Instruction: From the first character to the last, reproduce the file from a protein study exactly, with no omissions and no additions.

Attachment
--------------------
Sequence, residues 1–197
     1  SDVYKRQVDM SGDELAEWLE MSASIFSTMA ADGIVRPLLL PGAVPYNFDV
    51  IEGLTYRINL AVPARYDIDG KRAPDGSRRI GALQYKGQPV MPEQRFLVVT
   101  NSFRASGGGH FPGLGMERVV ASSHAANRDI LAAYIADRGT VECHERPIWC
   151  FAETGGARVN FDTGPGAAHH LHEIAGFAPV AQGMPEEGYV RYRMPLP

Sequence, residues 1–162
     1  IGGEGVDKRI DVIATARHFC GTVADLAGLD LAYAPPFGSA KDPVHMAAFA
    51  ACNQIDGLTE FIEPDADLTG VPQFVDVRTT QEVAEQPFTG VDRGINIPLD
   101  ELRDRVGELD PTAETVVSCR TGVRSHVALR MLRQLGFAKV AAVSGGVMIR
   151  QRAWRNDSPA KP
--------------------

Sequence, residues 1–197
     1  SDVYKRQVDM SGDELAEWLE MSASIFSTMA ADGIVRPLLL PGAVPYNFDV
    51  IEGLTYRINL AVPARYDIDG KRAPDGSRRI GALQYKGQPV MPEQRFLVVT
   101  NSFRASGGGH FPGLGMERVV ASSHAANRDI LAAYIADRGT VECHERPIWC
   151  FAETGGARVN FDTGPGAAHH LHEIAGFAPV AQGMPEEGYV RYRMPLP

Sequence, residues 1–162
     1  IGGEGVDKRI DVIATARHFC GTVADLAGLD LAYAPPFGSA KDPVHMAAFA
    51  ACNQIDGLTE FIEPDADLTG VPQFVDVRTT QEVAEQPFTG VDRGINIPLD
   101  ELRDRVGELD PTAETVVSCR TGVRSHVALR MLRQLGFAKV AAVSGGVMIR
   151  QRAWRNDSPA KP